June 18 – July 11, 2015

Accreation: Un-becoming and the Surface as Sight // Roomsheet :: HERE

Common Subjects // Roomsheet :: HERE

GALLERY 1 :: Niall Robb, Laura Hunt, Kath Fries, Alma Studholme and Charlotte Richardson :: ACCREATION: UN-BECOMING AND THE SURFACE AS SIGHT

Accreation: Un-becoming and the Surface as Sight brings together five artists from disparate practices, each exploring surface as a site of the imperceptible, and the space between process and actualization of work. Robb understands surface as a sight of enchantment, coupling the circulatory nature of moving image with the materiality of surface to explore the imperceptible in a space between reality and mythology. Richardson’s bespoke jewelry pieces explore the everyday, collapsed and reformed. Her up-cycled domestic plastic products hold an uncanny sensibility, forming a new relationship with the viewer via the mirrored surface. Hunt’s practice is based in the documentation of action, she takes imperceptibility of sound as an ever-evolving and circulatory surface.  Fries installations looks at the ephemerality of the physical surface as a site of creation, suggesting impermanence and transience.In Firing Enzo, Studholme draws on the properties and processes of the ceramic material. In the process of documenting her work, Studholme reveals slippage inherent in process, and the impossibility of control.  The resulting works transform the gallery into a many-layered space of to uncover and re-imagine the surface of things.

GALLERY 2 :: Diarmid Campbell and Luke McMaster :: COMMON SUBJECTS

Common subjects brings together material and conceptual concerns shared between Diarmid Campbell and Luke McMaster in order to interrogate the role of design and technology in mediating our negotiations of social spaces. In particular, the ways in which the technological gaze, surveillance and social control cohere in relation to physical and virtual architectures of visibility and openness.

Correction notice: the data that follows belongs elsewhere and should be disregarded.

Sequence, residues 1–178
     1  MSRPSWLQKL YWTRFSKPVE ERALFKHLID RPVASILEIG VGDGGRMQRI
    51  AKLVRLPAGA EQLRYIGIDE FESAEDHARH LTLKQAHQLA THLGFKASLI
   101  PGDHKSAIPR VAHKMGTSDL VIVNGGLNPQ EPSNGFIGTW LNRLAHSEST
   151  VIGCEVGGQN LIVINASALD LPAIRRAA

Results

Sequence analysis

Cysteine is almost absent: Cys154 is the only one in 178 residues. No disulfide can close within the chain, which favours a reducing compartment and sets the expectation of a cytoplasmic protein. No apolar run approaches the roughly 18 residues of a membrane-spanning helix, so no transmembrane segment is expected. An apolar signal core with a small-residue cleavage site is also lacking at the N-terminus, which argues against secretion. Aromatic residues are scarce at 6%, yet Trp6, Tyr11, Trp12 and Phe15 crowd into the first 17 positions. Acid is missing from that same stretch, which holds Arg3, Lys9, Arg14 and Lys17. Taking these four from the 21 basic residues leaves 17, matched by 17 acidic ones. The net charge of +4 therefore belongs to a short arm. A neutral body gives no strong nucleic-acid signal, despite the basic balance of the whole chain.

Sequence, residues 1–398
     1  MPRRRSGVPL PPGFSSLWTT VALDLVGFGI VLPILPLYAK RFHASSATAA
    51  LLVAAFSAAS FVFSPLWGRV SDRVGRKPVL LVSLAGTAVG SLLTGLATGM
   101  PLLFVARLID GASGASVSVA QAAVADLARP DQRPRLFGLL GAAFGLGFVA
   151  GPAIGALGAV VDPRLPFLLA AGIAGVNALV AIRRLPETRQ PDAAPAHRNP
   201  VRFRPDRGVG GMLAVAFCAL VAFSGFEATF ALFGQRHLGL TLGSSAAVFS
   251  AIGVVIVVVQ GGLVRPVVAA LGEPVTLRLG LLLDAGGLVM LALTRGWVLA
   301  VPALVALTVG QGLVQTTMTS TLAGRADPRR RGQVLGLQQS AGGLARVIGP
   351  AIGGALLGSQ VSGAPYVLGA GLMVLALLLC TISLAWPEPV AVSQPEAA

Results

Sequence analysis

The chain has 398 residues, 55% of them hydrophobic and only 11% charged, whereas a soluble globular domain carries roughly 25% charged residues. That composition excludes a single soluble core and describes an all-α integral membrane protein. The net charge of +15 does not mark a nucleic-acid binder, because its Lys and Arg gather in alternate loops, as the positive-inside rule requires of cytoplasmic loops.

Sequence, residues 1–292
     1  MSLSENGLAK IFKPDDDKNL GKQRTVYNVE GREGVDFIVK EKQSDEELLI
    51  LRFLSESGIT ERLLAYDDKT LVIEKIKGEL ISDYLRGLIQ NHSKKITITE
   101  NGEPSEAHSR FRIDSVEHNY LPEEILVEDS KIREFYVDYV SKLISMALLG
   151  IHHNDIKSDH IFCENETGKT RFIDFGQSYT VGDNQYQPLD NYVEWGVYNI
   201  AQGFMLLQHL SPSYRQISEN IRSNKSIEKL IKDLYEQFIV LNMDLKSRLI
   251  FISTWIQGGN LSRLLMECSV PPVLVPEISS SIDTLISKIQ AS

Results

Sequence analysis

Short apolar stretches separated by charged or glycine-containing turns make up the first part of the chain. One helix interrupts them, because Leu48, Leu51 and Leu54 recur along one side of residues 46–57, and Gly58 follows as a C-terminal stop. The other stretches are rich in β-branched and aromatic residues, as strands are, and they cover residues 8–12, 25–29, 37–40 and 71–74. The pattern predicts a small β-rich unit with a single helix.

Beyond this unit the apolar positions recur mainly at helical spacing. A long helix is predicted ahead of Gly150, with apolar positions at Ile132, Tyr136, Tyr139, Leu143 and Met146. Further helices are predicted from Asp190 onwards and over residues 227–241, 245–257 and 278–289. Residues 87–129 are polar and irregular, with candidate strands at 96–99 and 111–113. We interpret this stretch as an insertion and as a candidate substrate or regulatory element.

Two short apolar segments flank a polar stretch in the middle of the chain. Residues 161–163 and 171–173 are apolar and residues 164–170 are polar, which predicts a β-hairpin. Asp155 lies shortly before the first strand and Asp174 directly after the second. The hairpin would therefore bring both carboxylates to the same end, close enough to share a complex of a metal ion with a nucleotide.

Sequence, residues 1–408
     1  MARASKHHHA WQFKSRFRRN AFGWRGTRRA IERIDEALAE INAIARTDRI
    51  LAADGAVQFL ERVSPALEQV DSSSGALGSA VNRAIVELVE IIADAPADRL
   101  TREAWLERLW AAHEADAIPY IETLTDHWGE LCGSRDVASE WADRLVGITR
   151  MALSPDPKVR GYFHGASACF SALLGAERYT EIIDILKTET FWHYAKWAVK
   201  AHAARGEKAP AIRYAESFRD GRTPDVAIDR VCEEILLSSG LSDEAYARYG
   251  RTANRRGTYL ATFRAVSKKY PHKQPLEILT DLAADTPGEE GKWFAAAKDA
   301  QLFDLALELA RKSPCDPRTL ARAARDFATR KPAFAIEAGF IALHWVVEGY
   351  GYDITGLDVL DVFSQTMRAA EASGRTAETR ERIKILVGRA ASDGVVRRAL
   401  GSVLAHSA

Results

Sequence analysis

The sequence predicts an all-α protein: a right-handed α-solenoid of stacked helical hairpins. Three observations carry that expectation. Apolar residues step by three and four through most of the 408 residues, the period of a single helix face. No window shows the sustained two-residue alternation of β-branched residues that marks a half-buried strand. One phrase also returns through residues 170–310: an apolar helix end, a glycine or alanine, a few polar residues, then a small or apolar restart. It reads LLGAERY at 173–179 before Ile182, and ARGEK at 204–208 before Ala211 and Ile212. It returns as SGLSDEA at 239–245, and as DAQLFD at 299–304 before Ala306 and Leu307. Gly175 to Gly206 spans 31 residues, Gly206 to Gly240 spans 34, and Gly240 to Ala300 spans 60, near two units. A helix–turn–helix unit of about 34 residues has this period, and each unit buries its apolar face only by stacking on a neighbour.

Like the advent of modernist architecture aspired to abolish distinctions of inside and outside, so too does current digital infrastructures that corrupt boundaries between personal and public. Visibility has developed in conjunction with the increasing privatisation and surveillance of seemingly public domains. In the spaces of pedagogical institutions, shopping malls and online platforms we are watched and scrutinised; our actions become information.

Of the types of public space they can be viewed within the context of a veil. There is a level of transparency, however therein lies the potential to mask and selectively reveal aspects of oneself. As the rapid development of digital technologies re-orients our experience of space the placement of the body is inescapably seen, exposed and revealed yet hidden, masked and disguised. Existing between the logic of the virtual sphere and nature of the classical world, multiple identities emerge of a single individual.

Through exploring our movements through the dimensions of informational and corporeal realms within this framework of openness and concealment, common subjects examines the efficacy of virtual and physical structures.